Source: The Conversation (Au and NZ) – By Harjinder Singh, Senior lecturer, Curtin University
The Australian government encourages citizens to protect their privacy and personal information.
Most of the tips provided by the Office of the Information Commissioner are pretty intuitive – know your rights, read privacy policies, use security software and more.
But you might be surprised to know “check your credit report” is also on the list of recommended actions.
Checking your credit report, preferably annually, is a good way to ensure incorrect information is not listed against you. Having the right information in place can protect you against identity theft, so is an important component of privacy in this sense.
The Privacy Act 1988 is an Australian law which regulates the handling of personal information about individuals. The Privacy Act has very strict rules, reflected in 13 Australian Privacy Principles, that control the way information about you is accessed, used and corrected.
The Privacy Act gives you the right to find out what’s in your credit report and change any incorrect information in your report.
As well as stopping others from stealing your identity, having an accurate credit report is also crucial if you want to borrow money. For example, when applying for credit such as a home loan, the lender will obtain your credit report to assess your credit worthiness and also your ability to repay the loan. You really don’t want your application for a home loan to be knocked back because of errors in your credit report, do you?
How to check your credit report
The first step is getting a copy of your credit report. This can be obtained free from credit reporting agencies such as Equifax, illion and Experian. Tasmanians can also refer to the Tasmanian Collection Service.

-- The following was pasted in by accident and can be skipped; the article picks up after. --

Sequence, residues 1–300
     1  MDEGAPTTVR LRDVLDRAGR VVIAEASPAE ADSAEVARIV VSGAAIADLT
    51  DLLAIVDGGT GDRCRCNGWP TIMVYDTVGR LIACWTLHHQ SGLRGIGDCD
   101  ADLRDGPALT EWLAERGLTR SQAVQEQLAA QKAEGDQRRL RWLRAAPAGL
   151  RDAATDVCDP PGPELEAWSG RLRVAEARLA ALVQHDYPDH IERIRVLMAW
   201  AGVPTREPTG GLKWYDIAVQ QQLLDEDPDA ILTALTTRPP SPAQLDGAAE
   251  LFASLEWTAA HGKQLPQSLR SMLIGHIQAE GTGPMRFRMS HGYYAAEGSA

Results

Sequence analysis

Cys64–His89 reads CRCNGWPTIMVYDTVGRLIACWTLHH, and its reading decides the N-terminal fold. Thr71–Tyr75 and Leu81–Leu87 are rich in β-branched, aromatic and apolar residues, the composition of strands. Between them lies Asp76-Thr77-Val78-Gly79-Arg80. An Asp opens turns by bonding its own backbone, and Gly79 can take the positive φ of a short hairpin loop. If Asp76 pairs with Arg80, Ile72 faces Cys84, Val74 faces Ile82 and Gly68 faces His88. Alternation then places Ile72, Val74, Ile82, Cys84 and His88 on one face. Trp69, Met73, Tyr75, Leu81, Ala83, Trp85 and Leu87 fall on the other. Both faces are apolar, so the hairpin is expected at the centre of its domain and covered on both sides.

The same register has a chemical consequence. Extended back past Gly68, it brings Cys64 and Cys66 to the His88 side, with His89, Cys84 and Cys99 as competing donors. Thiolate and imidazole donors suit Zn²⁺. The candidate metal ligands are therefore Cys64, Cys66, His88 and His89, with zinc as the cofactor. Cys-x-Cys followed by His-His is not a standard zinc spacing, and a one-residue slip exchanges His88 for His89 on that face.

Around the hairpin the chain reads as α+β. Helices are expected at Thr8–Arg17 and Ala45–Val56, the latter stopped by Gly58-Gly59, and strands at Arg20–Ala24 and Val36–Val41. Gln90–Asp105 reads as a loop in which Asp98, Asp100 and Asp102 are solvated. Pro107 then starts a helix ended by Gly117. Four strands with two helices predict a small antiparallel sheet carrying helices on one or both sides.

Make sure you spend a bit of time looking carefully for this free option – it is there, but can sometimes be a little buried.
The report will be sent to you in about ten days. If you are in a hurry and need it faster, you can pay between A$30 to A$50 dollars and the credit report will arrive in a day or two.
Look at the details
Once you have your credit report, there are certain things that you must check.
First, as a minimum, check that your personal details such as name, date of birth, employment and driver’s license or other identifying documents are correct.
Second, have a look at your credit history in the report. This will include details of all credit or loans that you applied for, any overdue payments more than 60 days for which default actions have been initiated, and any other credit infringements. Such credit infringements can be listed on your credit report for between five to seven years, depending on their severity.
Third, examine your repayment history to determine whether you missed any payments on due dates.
Last, check whether any recorded serious adverse credit activities such as bankruptcies, court judgements and debt agreements are correct and accurately reflect your circumstances.
What happens if it’s wrong?
You are entitled to request changes to any incorrect listing and this should be done free for you.
In the first instance, you can contact the credit reporting agency directly and they will be able to fix small errors immediately. For other errors originating from a credit provider such as a bank, they will sometimes even contact the bank on your behalf.
However, if you have to contact the credit provider yourself, do so and explain why the listing is incorrect. Most often, they will fix the mistake. If they refuse, you can then go to an independent dispute resolution scheme, such as the Australian Financial Complaints Authority.
If all else fails, you can also contact the Office of the Australian Information Commissioner who will deal with your complaint if it is not older than a year.
So, what are you waiting for? It really is in your best interest to check your credit report, and no one else can do it for you.
– ref. Your credit report is a key part of your privacy – here’s how to find and check it – http://theconversation.com/your-credit-report-is-a-key-part-of-your-privacy-heres-how-to-find-and-check-it-116999